Oceanic-type accretion may begin before complete continental break-up - Archive ouverte HAL Access content directly
Conference Papers Year : 2011

Oceanic-type accretion may begin before complete continental break-up

(1) , (2) , (2)
1
2
Laurent Geoffroy
A.R. Viana

Abstract

Oceanic accretion is thought to be the process of oceanic crust (and lithosphere) edification through adiabatic melting of shallow convecting mantle at oceanic spreading ridges. It is usually considered as a post-breakup diagnostic process following continents rupturing. However, this is not always correct. The structure of volcanic passive margins (representing more than 50% of passive continental margins) outlines that the continental lithosphere is progressively changed into oceanic-type lithosphere during the stage of continental extension. This is clear at least, at crustal level. The continental crust is 'changed' from the earliest stages of extension into a typical -however thicker- oceanic crust with the typical oceanic magmatic layers (from top to bottom: lava flows/tuffs, sheeted dyke complexes, dominantly (sill-like) mafic intrusions in the lower crust). The Q-rich continental crust is highly extended and increases in volume (due to the magma) during the extensional process. At the continent-ocean transition there is, finally, no seismic difference between this highly transformed continental crust and the oceanic crust. Using a large range of data (including deep seismic reflection profiles), we discuss the mantle mechanisms that governs the process of mantle-assisted continental extension. We outline the large similarity between those mantle processes and those acting at purely-oceanic spreading axis and discuss the effects of the inherited continental lithosphere in the pattern of new mafic crust edification.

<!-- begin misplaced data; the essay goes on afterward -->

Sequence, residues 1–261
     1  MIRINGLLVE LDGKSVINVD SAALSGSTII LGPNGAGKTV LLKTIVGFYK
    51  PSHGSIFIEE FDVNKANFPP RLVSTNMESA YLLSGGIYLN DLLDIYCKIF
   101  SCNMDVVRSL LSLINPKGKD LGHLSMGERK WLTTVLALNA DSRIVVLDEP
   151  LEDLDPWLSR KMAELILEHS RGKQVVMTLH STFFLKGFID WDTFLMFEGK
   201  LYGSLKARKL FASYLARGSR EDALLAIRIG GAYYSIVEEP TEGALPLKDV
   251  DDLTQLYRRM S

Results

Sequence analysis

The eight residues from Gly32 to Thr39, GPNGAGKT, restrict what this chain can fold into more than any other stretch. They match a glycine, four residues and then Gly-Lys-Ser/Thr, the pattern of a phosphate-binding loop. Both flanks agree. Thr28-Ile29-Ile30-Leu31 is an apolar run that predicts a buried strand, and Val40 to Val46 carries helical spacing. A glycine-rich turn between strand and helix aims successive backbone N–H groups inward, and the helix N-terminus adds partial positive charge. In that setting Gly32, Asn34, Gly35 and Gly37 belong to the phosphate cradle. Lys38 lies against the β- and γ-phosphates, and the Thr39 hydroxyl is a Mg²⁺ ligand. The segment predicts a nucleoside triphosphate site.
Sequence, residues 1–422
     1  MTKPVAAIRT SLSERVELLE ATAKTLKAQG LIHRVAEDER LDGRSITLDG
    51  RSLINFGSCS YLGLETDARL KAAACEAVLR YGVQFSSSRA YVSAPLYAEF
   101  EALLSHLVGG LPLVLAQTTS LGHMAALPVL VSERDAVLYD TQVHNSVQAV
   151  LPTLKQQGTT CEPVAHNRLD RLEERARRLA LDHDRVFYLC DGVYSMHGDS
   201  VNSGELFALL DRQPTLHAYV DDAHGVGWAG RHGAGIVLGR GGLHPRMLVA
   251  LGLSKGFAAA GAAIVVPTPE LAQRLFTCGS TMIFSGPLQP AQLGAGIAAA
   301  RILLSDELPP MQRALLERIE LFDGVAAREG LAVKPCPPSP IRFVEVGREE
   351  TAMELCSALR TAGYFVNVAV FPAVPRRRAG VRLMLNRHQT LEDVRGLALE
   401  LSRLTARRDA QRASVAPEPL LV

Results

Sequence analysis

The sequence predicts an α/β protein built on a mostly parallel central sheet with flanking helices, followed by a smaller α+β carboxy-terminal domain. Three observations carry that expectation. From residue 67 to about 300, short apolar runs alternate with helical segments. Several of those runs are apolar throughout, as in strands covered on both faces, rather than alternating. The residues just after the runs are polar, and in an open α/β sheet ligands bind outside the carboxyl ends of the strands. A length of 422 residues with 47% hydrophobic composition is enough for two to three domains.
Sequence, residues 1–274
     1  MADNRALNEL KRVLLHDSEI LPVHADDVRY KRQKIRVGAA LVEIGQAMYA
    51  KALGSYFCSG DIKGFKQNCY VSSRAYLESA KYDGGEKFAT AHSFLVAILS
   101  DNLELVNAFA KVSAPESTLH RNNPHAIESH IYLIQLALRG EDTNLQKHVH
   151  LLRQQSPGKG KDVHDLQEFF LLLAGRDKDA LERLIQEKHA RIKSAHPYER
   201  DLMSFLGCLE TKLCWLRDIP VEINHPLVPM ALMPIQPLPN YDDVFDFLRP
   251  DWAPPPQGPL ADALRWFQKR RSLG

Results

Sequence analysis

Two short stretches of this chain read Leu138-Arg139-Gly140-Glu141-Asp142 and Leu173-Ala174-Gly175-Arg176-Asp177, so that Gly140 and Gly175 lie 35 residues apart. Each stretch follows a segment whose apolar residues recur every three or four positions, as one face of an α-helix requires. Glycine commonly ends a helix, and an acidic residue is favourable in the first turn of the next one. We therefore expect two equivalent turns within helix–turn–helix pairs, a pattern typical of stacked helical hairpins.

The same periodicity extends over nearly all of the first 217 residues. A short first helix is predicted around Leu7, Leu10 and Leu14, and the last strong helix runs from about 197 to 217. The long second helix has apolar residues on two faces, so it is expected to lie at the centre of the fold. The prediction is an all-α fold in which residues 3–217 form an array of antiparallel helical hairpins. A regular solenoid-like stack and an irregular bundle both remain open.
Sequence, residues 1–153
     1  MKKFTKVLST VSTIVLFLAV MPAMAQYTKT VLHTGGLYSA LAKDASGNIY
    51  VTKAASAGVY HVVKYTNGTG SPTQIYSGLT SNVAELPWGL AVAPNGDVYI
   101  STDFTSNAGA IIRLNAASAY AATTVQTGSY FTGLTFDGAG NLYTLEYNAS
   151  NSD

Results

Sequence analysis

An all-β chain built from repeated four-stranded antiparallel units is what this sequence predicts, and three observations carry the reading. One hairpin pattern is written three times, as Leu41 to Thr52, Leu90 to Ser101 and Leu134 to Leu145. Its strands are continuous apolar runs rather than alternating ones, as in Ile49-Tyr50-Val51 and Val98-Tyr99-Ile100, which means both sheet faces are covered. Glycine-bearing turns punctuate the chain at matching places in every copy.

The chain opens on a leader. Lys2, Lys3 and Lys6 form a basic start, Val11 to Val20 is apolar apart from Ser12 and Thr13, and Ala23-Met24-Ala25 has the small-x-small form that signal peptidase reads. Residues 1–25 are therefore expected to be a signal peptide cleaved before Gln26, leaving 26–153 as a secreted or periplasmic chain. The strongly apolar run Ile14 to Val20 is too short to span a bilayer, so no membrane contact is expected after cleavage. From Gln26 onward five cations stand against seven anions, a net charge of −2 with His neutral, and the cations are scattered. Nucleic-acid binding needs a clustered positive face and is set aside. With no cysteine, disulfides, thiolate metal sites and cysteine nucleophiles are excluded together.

Not file

Dates and versions

insu-00670266 , version 1 (15-02-2012)

Identifiers

  • HAL Id : insu-00670266 , version 1

Cite

Laurent Geoffroy, P.V. Zalan,, A.R. Viana. Oceanic-type accretion may begin before complete continental break-up. AGU Fall Meeting 2011, Dec 2011, San Francisco, United States. pp.T23D-2432. ⟨insu-00670266⟩
126 View
0 Download

Share

Gmail Facebook Twitter LinkedIn More